- Nationally, wages rose by 7.2% per filled job over the year, but it should be noted that while some employers are having to offer higher wages to secure staff, it is also the case that for some industries the limited existing workers are working longer hours to make up for absent staff and unfilled vacancies. Consistent feedback across most businesses that we have talked to about workforce challenges is a lack of labour supply – in both availability of staff numbers, parasitically at various skill levels, along with increased wage expectations. This challenge is both immediate and also long-term.
The combination of the recent 20 year high in average salary growth with the record low in unemployment is a double burden for businesses, however our recent Business Insights Survey showed that hiring intentions remain strong. Almost 70% of businesses identified recruitment challenges in their business over the last 6 months. These included supply shortage, increasing wage expectations, and a lack of skilled staff. Results from the survey also noted that businesses were offering more incentives, and making changes in their workplace in order to retain staff.
- Jobseeker Support recipients down 3.6% vs up 1.9% NZ however this is still 31% higher than pre-COVID-19. It should be noted that about one fifth of the reduction in numbers is estimated to be due to policy changes reclassifying some benefit recipients.
- Unemployment rate is 3.5% vs 3.8% NZ which offers little comfort for employers struggling to find staff. However the underutilisation rate nationally remains high at 9.2%. An MBIE presentation in 2021 estimated that the additional working hours untapped was the equivalent of 65,000 extra workers nationally (statement made by Ruth Isaac of MBIE in the EDNZ Congress Day 2 Immigration and Skills Shortage presentation on 23 November 2021).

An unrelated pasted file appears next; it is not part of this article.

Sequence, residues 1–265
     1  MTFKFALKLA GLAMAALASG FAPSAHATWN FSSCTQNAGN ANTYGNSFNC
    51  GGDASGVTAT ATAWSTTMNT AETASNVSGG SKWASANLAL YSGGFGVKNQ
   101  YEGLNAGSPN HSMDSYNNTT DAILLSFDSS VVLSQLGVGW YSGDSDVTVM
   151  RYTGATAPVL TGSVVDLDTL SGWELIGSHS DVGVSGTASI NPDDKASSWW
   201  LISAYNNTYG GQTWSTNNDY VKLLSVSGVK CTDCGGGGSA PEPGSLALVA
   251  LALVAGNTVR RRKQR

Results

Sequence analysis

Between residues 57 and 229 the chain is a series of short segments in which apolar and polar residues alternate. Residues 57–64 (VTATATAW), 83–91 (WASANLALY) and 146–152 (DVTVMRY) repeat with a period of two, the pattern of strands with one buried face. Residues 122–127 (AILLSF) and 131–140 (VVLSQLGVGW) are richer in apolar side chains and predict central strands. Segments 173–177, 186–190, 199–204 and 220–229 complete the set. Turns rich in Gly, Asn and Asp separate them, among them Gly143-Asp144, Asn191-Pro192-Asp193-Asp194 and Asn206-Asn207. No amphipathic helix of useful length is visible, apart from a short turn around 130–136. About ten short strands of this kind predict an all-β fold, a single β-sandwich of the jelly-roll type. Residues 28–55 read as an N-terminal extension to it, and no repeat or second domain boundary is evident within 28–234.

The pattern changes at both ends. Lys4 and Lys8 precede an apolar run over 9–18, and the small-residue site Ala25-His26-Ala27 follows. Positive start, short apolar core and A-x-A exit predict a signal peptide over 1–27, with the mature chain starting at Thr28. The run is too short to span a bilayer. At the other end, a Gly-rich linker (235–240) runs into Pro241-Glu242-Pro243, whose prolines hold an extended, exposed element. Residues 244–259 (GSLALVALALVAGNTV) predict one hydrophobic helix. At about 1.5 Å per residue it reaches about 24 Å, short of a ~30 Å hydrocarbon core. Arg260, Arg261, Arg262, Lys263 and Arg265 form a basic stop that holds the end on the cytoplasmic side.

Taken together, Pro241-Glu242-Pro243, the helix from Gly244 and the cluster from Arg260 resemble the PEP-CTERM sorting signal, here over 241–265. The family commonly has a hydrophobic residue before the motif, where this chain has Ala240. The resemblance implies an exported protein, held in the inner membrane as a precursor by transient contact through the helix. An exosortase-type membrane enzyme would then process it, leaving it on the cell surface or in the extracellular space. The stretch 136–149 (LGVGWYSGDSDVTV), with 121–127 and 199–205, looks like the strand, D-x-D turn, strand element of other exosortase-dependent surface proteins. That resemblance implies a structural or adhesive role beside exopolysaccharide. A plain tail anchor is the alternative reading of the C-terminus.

- Average quarterly residential building consents were down 4.4% in the year, sitting at 168 per quarter in the December 2021 year, a little lower than the 188 in the previous year but still above the 10-year average of 156. The downturn may have been partly due to a shortage of planners in both regional councils.
- House values increased by 23% in year, compared to 27% NZ and the average house price in Nelson Tasman at December 2021 was $860k, (versus $1,028k for NZ. The most recent months show that the market has begun to turn a corner away from the huge growth of the past year or so now that interest rates have increased from the ultra-low COVID-19 intervention basis.
- House sales were down 13% in the region for the December 2021 year, due to a combination of lack of supply and more recently new lending restrictions. A total of 1638 houses were sold compared with the 10-year average of 1793.
- Car registrations picked up by 13.6% in region compared to the notable lows through 2020, and are back to the level seen immediately pre-COVID-19. Full-battery EV registrations rose 142% nationally in the year accounting for 4% of total registrations – double the share for the previous year.
- A similar picture is seen with commercial vehicle registrations, up 17% and back to pre-COVID-19 levels.